Electron sprials from r_i to r_f

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In summary: Other than that, your approach seems reasonable. In summary, the time it takes for an electron to spiral in from an initial radius ##r_i## to a final radius ##r_f## can be expressed as ##\Delta t = \left[\frac{c^3m_ee^2}{32E^3}\right]_{E_i}^{E_f}##, where ##E_i = E(r_i)## and ##E_f = E(r_f)##. This approach is based on using the Larmor formula, potential energy, magnitude of force, and the velocity and energy calculations for a circular motion.
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Homework Statement


Find an expression for the time it takes for an electron to spiral in from an initial radius ##r_i## to a final radius ##r_f##. Write your answer in terms of ##r_i##, ##r_f##, ##m_e##, e, and c.

Homework Equations


Larmor Formula:
$$\frac{dE}{dt} = -\frac{2}{3}\frac{e^2a^2}{c^3}$$

Potential Energy:
$$V = -\frac{e^2}{r}$$

Magnitude of the force:
$$F = \frac{e^2}{r^2}$$

In another part of the problem, the velocity for radius r is calculated:
$$v(r) = \sqrt(\frac{e^2}{m_er})$$

The energy is also calculated to be:
$$E = -\frac{1}{2}\frac{e^2}{r}$$

The Attempt at a Solution


I tried solving it as a separable differential equation.
Most of the terms on the right were constants, so I focused on ##e^2a^2##.
Since it was circular motion, ##F = e^2/r^2 = m\frac{v^2}{r} = ma##, so ##a = \frac{v^2}{r}##.
So, ##a^2 = \frac{v^4}{r^2}##, using the formula for v(r),
$$a^2 = \frac{(\sqrt(\frac{e^2}{m_er}))^4}{r^2} = \frac{(\frac{e^2}{m_er})^2}{r^2} = \frac{e^4}{r^4m_e^2}$$
Since ##E =E = -\frac{1}{2}\frac{e^2}{r}##, ##\frac{e^2}{r} = -2E##, so
$$a^2 = \frac{(-2E)^2}{m_er^2}$$
So,
$$e^2a^2 = \frac{(-2E)^2e^2}{m_er^2} = \frac{(-2E)^3}{m_er} = \frac{-8E^3}{m_er}$$
Also, ##\frac{1}{r} = \frac{e^2}{re^2} = \frac{-2E}{e^2}##
So $$e^2a^2 = \frac{-8E^3}{m_e}\frac{-2E}{e^2} = \frac{16E^4}{m_ee^2}$$
Plugging this into the initial equation:
$$\frac{dE}{dt} = -\frac{2}{3}\frac{16E^4}{c^3m_ee^2} = -\frac{32}{3}\frac{E^4}{c^3m_ee^2}$$
Rearranging the terms:
$$\frac{3c^3m_ee^2}{32E^4}dE = -dt$$
Integrating both sides:
$$\int_{E_i}^{E_f} \frac{3c^3m_ee^2}{32E^4} dE = \int_{t_i}^{t_f} -dt$$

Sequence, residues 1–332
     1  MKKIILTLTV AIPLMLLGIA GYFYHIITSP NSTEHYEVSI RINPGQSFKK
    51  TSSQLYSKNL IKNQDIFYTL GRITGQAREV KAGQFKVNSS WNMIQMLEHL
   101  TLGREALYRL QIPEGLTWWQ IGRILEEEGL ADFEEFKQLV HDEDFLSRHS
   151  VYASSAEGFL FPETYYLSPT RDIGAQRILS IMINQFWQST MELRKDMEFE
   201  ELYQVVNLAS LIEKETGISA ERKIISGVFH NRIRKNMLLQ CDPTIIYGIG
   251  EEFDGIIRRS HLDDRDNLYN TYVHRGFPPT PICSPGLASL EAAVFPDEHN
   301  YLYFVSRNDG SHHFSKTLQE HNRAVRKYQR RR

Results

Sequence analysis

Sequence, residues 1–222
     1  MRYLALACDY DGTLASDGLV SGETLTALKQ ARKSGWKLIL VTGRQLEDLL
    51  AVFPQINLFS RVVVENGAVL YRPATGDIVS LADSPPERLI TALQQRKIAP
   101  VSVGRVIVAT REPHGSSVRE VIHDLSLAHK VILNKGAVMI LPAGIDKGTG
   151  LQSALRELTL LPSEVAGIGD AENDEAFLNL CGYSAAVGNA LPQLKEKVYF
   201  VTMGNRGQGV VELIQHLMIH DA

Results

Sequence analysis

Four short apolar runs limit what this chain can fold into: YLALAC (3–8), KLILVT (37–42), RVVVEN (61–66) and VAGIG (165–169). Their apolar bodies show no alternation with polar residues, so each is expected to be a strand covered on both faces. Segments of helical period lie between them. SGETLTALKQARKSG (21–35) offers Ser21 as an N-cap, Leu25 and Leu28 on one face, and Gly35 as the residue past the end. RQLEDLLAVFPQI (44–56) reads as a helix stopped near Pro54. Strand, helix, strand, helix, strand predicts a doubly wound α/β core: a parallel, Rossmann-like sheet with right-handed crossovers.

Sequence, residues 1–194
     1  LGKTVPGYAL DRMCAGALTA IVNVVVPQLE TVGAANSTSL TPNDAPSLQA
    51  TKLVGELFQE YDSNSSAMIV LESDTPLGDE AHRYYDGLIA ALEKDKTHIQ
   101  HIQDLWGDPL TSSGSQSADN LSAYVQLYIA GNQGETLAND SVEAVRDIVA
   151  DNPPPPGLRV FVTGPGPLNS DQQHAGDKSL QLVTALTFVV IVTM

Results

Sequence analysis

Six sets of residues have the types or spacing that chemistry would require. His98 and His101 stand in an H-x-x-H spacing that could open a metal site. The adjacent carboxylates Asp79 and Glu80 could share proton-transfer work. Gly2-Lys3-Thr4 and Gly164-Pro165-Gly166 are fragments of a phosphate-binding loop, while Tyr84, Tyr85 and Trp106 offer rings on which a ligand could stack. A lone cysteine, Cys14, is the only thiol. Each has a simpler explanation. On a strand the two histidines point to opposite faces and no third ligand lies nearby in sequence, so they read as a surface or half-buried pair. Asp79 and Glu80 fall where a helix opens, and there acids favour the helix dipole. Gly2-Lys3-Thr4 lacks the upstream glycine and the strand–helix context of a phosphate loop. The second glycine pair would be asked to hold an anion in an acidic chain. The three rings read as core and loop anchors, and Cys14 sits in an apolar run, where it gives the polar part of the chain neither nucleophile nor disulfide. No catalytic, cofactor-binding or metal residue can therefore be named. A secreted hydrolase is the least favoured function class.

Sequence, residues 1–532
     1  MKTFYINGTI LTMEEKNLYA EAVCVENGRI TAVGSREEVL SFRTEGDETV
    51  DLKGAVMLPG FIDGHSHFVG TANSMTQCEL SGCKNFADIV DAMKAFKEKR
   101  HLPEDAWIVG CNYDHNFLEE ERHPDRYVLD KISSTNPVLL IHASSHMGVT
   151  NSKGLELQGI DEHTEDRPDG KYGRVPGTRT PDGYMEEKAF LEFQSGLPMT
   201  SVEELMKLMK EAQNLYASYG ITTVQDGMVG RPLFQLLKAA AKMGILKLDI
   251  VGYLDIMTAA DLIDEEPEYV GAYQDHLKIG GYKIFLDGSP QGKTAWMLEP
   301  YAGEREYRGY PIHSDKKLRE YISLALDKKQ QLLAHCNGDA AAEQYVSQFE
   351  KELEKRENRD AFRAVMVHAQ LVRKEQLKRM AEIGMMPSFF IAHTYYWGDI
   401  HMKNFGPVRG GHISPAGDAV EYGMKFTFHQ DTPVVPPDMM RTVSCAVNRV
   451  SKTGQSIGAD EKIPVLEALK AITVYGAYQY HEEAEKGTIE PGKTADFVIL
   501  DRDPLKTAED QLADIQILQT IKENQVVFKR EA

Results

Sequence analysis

Solving the integral:
$$-\Delta t = \left[\frac{-c^3m_ee^2}{32E^3}\right]_{E_i}^{E_f}$$
or
$$\Delta t = \left[\frac{c^3m_ee^2}{32E^3}\right]_{E_i}^{E_f}$$

From there I could plug in ##E_i = E(r_i)##, and ##E_f = E(r_f)##

My concern is that the problem stated we would need differential equations, so I was unsure if this was a good approach.
 
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Your work looks good to me, except I think you dropped the square on the electron mass when going from the first to the second equation in your solution.
 
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1. What is an electron spiral from ri to rf?

An electron spiral from ri to rf refers to the movement of an electron from an initial position (ri) to a final position (rf) in a circular or helical path. This can occur in various physical systems, such as in atoms, molecules, and particle accelerators.

2. How does an electron spiral from ri to rf occur?

An electron spiral from ri to rf occurs when an electron experiences a force that causes it to deviate from a straight path and instead follow a curved path. This force can be due to the presence of an electric or magnetic field, or interactions with other particles.

3. What factors influence the trajectory of an electron spiral from ri to rf?

The trajectory of an electron spiral from ri to rf is influenced by several factors, such as the strength and direction of the applied force, the initial velocity and position of the electron, and the properties of the medium through which it is moving.

4. Can an electron spiral from ri to rf be controlled?

Yes, the trajectory of an electron spiral from ri to rf can be controlled through the manipulation of the influencing factors. By adjusting the strength and direction of the applied force, for example, scientists can alter the path of an electron and guide it to a desired final position.

5. What are the applications of electron spirals from ri to rf?

Electron spirals from ri to rf have various applications in science and technology. They are essential for understanding the behavior of particles in atoms and molecules, and are also used in technologies such as electron microscopy and particle accelerators. Additionally, the manipulation of electron spirals has potential applications in fields such as quantum computing and nanotechnology.

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